North Perth councillor proposes changes to school bus safety measures, monetary penalties

NORTH PERTH – A Notice of Motion was presented to North Perth council at its March 6 meeting. Coun. Allan Rothwell read the proposed motion which was to be considered at the next council meeting.

The motion begins by explaining that almost 824,000 students travel in about 16,000 school vehicles every school day in Ontario. However, according to the Ministry of Transportation’s statistics, the rate of vehicles passing stopped school buses is over 30,000 times per day. It then explains the province’s passing of the Safer School Zones Act of 2017, “which authorized the use of Automated School Bus Stop Arm Camera Systems to detect incidents where vehicles failed to stop when the school bus was stopped and the stop arm extended.”

The Association of Municipalities (AMO) working on behalf of all Ontario municipalities made its submission to the Standing Committee on General Government in May 2019 in support of Administrative Monetary Penalties (AMPs). These are to be used to collect fine revenue for school bus stop arm infractions and other applications, which include Automated Speed Enforcement (ASE) technologies that are deployed in school and community safety zones.

Rothwell then went on to explain in the motion that police resources can not be spread any thinner to enforce Highway Traffic Act offenses throughout municipalities.

“The administrative and financial costs to establish the required municipal administrative penalty program under the Highway Traffic Act, and its regulations, are substantial and maybe out of reach for small or rural municipalities that have insufficient amounts of traffic to generate the required funds to offset the annual operational costs of a municipal administrative penalty program,” read the motion. The resolution proposed is that the council of the Municipality of North Perth urge the provincial government to make two changes. These include requiring all school buses to have stop-arm cameras installed and paid for by the province for the start of the next school year. The second included underwriting the costs for the implementation and on-going costs for AMPs in rural municipalities. The motion is to be circulated to Premier Doug Ford, Attorney General Doug Downey, Minister of Education Stephen Lecce, Provincial opposition parties, Perth-Wellington MPP Matthew Rae, AMO and to all municipalities in Ontario.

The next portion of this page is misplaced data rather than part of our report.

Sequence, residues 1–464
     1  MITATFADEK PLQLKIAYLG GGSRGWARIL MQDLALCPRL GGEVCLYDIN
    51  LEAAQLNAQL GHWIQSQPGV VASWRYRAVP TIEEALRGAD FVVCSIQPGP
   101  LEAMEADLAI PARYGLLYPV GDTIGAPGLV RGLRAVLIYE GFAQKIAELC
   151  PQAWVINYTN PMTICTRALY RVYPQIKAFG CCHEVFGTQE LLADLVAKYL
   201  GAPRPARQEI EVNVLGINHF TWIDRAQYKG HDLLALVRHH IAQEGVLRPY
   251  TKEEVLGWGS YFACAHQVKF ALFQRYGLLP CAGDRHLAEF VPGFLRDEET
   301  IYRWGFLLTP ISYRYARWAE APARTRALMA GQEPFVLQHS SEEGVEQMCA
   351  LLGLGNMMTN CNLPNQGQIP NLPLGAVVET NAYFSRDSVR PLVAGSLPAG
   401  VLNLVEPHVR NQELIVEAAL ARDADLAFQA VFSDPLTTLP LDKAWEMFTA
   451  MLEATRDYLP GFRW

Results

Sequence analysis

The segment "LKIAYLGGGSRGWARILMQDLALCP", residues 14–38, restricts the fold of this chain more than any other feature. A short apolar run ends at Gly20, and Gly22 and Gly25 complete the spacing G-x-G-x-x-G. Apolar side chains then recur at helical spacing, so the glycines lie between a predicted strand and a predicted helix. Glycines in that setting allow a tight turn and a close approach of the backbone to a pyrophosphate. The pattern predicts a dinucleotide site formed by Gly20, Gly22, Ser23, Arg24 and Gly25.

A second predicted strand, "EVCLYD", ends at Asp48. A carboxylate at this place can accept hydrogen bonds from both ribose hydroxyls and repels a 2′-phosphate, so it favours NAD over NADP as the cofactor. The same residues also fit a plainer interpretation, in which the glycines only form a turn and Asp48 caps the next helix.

Coun. Rothwell then explained he will not be present for the next meeting, and will not be there in person to conduct the standard process to deal with a notice of motion. He then went on to explain that with the council’s permission, according to their procedural bylaw, they could consider the resolution that evening. So he asked council members to consider the resolution, as he wouldn’t be in attendance to speak to his own motion at the next meeting.

Mayor Todd Kasenberg then explained that council would waive the notice and consider the matter of the motion that was made by Coun. Rothwell.

“Alright, so what we need to do now is consider the motion to waive the notice, period, so that we can consider this and pick this up off the table tonight,” said Mayor Kasenberg.

He then got unanimous council consent to consider the motion.

Rothwell thanked the people who brought their comments forward, like Coun. Sarah Blazek and Mayor Kasenberg. He has had discussion with local school bus company owner, John Chapman, who brought the matter to the attention of county council in February 2022.

“This is something that is crucial, not just in our municipality but throughout Ontario. We need to ensure that we are doing everything necessary to ensure that members of the public that are perhaps unaware of the big, yellow school bus with flashing lights, with a stop arm out, ‘that means stop!’ For the safety of children, and others on the road as well. So on that basis, I’m requesting council’s support of this resolution,” explained Coun. Rothwell.

Mayor Kasenberg then expressed his thoughts, explaining that he thought “the resolution makes a whole lot of sense at this point in time and it’s kind of a fine opportunity for this council to make some noise about this issue.”

The vote on the motion’s resolution was unanimous, as council voted in favour.

Melissa Dunphy, Local Journalism Initiative Reporter, Listowel Banner